This is the burning of an herb called Moxa. Its applied indirectly and directly to the body (for obvious reasons direct moxabustion is used infrequently). Application of fire to the body at first glance seems somewhat scary. But moxabustion feels wonderful. Most folks feel a soothing warmth. There are many techniques used. Moxa is often rolled into a cigar shape and size. The cigar is ignited and then held between a half inch and two inches from the body. This is done over an acupuncture point or along the running course of a meridian or an area that is manifesting signs or symptoms or some kind. Another frequently used technique is rolling the moxa between the fingers to mold it into a cone shape which is then placed on the area to be treated and ignited. Yet another technique is to mold the moxa into a hollow cylinder and put it on a paper base and put it over the needle handle.
Moxa is extremely Yang and imparts its Yang Qi to the patient. Some of the more obvious Yang characteristics it delivers are Heat Qi, increased Qi both locally and overall, and increased motion. Yang functions all benefit from the use of moxa. Moxa is extremely effective at moving stagnant Qi. Because so many pathologies involve stagnancy moxa is applicable to a wide variety of conditions. When it burns it releases a rather thick and heavy smoke and can make a room uncomfortable and has been known to travel through ventilation ducts and make other rooms uncomfortable. In modern times charcoaled moxa has become popular for its lack of smoke.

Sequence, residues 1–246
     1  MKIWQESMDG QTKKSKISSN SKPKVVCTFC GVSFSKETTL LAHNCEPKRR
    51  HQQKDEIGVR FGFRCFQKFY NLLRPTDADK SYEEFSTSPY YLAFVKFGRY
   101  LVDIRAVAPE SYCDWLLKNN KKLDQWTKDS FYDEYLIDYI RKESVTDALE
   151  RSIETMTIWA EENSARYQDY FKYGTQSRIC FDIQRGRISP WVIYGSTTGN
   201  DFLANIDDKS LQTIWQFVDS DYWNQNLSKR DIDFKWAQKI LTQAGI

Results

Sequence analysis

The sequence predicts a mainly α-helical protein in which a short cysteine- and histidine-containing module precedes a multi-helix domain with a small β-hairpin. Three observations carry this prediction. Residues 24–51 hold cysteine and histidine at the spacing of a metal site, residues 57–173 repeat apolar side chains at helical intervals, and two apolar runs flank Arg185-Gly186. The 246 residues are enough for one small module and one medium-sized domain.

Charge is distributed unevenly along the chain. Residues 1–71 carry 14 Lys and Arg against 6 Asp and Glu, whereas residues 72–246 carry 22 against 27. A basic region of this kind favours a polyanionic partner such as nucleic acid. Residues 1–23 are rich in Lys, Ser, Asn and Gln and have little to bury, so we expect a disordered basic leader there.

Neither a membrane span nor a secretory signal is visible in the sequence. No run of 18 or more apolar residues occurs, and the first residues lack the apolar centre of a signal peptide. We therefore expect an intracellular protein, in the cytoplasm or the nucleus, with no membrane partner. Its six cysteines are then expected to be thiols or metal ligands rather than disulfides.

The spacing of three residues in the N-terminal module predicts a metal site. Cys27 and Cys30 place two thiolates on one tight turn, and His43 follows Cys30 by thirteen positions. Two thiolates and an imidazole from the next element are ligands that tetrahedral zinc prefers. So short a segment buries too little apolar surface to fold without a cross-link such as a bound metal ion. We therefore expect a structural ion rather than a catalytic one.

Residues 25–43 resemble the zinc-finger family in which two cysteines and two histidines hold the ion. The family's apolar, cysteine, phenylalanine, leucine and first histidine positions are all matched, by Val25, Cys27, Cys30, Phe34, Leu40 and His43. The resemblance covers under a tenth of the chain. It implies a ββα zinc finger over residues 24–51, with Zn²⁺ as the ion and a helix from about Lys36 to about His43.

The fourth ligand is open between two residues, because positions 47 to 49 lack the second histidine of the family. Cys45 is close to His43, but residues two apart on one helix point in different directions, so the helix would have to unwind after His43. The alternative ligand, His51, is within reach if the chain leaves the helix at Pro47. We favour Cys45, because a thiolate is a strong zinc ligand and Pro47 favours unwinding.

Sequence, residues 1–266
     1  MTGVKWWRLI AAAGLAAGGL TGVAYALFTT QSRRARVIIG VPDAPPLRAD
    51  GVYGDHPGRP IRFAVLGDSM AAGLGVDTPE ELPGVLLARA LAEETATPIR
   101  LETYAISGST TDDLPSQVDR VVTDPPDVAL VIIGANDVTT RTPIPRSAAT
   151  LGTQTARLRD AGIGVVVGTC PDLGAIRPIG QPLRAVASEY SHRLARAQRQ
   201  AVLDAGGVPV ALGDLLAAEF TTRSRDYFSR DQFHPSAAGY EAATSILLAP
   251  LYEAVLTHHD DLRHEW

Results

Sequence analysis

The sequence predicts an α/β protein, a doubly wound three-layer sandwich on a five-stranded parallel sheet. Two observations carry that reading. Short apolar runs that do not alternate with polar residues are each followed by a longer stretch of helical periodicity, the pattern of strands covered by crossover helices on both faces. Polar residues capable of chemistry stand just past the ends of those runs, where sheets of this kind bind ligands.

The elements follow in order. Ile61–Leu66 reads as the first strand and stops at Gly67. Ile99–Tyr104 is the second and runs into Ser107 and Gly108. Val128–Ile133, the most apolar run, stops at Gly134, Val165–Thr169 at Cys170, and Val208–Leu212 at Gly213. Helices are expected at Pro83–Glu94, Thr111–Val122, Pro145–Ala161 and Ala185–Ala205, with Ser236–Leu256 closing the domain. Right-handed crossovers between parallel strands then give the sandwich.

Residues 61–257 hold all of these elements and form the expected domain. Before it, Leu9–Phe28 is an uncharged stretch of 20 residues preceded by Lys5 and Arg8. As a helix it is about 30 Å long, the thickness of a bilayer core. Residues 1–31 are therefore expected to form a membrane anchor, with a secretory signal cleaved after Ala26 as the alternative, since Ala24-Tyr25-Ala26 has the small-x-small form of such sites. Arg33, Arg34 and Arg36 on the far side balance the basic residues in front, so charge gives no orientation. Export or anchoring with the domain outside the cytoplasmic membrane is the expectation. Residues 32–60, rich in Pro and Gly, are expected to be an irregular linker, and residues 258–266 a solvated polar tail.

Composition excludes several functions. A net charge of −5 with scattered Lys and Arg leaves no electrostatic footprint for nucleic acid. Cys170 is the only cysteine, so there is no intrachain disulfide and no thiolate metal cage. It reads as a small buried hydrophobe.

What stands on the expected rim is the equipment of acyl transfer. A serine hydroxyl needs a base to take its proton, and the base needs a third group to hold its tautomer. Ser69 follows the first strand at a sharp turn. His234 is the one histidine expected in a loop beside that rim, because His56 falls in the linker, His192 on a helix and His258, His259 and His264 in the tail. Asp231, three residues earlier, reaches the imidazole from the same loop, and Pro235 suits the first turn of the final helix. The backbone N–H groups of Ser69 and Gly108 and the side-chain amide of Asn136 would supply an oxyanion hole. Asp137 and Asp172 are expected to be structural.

For all forms of moxa there are safety and therapeutic guidelines. Five to ten minutes of application on a single area is about the maximum necessary. The textbooks pretty much agree that no matter how much time has passed, if the skin becomes red application should stop. In western medicine red skin is verging on a first degree burn so I stop if the skin becomes pink. In therapeutic terms, we want the patient to feel a penetrating warmth; like standing in front of a fireplace after coming inside from cold weather.